Firm-Level Political Risk and Mergers and Acquisitions


Student thesis: Doctoral Thesis

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Award date26 Jul 2022


While several studies have examined how economy-wide political uncertainty affects firms’ economic activities, little is known about the economic consequences of firm-level political risk. This study sheds light on this issue by examining whether and how acquirers’ firm-level idiosyncratic political risks affect their mergers and acquisitions (M&A) decisions based on a sample of U.S. firms. I find that firms exposed to high political risks are less likely to conduct M&A even after controlling for economy-level political risks. The results are robust after I address possible endogeneity problems by using PSM and instrumental variable approaches. Also, firm-level political risk is positively related to the time it takes to complete M&A deals, inclusion of target termination fee, and motivates acquirers to use stock for payment. One of the potential explanations for the decreased M&A likelihood is the real options theory. In addition, I find that the unwillingness to conduct M&A is more pronounced when acquirers lack either financial abilities (i.e., financial constraints of the acquirer) or non-financial abilities (i.e., acquirers’ public visibility) to hedge the perceived political risks. Further analyses show that firms actively hedge the firm-level political risks by strategically choose the targets in an M&A. And the hedge leads to favorable M&A performance in terms of CAR, subsequent divestiture and post-acquisition change in ROA, supporting the effectiveness of firms hedging efforts.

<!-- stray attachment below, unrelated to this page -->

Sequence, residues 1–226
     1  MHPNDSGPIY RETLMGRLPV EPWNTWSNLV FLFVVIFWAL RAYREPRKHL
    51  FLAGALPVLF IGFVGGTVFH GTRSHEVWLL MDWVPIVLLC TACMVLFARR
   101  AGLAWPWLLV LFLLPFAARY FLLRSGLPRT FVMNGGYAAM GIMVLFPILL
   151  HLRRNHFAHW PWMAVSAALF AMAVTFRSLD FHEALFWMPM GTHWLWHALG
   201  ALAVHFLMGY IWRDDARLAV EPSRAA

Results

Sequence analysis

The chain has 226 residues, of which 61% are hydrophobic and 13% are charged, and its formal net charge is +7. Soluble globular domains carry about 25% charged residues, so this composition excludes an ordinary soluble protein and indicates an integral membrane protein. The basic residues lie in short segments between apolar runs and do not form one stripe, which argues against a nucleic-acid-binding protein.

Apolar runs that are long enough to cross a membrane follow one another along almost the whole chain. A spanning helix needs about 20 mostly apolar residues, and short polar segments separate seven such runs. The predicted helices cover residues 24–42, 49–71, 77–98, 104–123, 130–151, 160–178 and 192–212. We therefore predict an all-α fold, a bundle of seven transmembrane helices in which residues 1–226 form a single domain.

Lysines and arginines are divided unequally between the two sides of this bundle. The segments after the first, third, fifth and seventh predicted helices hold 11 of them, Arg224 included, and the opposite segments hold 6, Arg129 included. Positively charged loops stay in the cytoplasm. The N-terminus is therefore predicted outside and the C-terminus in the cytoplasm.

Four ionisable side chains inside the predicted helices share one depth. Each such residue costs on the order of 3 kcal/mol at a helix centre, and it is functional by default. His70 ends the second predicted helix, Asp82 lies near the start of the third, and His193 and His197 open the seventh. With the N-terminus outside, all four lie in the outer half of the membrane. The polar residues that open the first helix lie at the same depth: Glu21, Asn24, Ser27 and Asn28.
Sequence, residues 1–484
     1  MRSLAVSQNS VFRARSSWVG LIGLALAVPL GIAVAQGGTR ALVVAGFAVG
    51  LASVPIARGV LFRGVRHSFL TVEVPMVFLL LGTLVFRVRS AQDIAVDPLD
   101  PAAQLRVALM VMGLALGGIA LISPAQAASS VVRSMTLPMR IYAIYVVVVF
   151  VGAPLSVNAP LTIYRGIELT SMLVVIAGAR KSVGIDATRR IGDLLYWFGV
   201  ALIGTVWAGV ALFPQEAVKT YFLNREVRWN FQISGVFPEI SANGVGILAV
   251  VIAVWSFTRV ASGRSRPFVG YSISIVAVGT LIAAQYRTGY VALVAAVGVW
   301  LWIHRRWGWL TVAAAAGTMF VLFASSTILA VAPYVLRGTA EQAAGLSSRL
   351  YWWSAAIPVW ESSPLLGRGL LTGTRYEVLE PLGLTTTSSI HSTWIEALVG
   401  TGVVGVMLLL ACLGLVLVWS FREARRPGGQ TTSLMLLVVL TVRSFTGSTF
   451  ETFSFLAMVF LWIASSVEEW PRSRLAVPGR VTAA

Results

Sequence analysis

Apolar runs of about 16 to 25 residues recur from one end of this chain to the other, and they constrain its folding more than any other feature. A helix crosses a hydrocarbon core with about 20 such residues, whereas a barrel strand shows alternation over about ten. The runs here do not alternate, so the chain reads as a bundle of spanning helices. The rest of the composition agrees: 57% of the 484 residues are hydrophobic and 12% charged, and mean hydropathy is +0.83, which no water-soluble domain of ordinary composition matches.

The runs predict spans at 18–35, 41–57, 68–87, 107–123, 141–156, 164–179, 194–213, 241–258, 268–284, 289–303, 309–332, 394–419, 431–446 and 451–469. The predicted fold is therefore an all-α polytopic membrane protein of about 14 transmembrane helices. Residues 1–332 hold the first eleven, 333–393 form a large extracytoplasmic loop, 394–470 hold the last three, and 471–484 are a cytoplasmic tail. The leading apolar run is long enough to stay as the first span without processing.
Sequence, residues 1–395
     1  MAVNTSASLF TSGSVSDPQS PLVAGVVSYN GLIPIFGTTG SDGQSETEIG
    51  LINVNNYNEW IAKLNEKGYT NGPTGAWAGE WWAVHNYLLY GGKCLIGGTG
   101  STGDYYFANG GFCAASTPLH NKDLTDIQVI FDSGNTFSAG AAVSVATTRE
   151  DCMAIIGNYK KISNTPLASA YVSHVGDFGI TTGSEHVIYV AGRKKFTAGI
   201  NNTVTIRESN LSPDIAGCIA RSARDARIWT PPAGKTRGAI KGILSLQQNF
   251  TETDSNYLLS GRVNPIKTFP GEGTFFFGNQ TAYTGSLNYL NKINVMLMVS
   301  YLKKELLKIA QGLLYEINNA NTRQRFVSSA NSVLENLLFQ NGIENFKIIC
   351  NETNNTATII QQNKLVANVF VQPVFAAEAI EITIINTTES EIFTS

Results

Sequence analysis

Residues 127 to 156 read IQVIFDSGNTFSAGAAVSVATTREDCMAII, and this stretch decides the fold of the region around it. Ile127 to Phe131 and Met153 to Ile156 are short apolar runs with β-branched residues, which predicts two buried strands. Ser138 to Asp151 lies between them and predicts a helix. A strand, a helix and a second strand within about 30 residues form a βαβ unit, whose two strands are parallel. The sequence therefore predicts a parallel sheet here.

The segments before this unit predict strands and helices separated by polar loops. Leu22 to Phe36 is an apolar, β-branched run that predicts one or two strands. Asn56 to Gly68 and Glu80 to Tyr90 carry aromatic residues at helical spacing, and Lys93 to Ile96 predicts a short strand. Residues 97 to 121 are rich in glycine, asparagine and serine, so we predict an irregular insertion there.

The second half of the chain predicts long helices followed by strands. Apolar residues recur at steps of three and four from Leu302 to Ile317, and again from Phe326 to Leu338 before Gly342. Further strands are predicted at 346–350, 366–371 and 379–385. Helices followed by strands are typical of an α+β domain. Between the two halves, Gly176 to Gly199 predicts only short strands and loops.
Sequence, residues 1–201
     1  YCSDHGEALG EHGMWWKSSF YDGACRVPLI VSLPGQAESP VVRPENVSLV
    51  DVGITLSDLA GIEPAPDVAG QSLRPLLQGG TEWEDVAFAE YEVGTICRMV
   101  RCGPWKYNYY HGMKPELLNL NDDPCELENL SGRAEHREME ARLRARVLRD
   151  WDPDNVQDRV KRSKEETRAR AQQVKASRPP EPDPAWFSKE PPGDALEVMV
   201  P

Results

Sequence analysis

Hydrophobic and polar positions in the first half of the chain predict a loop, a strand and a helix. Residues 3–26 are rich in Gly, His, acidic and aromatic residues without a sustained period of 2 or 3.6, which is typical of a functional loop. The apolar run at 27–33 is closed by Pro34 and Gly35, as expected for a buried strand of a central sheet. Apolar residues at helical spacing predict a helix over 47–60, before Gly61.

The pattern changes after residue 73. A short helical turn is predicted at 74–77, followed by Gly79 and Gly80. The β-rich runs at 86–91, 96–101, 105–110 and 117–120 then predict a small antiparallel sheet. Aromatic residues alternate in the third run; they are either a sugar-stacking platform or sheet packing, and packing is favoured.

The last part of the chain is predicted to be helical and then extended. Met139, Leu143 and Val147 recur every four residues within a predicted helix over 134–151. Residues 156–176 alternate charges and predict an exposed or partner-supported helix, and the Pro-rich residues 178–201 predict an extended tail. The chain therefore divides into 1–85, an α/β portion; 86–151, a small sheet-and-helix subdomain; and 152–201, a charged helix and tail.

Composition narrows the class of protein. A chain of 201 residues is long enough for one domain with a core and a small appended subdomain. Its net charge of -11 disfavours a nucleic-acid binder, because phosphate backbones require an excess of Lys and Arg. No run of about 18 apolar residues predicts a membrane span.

Research areas

  • Political Risk, Mergers and Acquisitions, Risk Management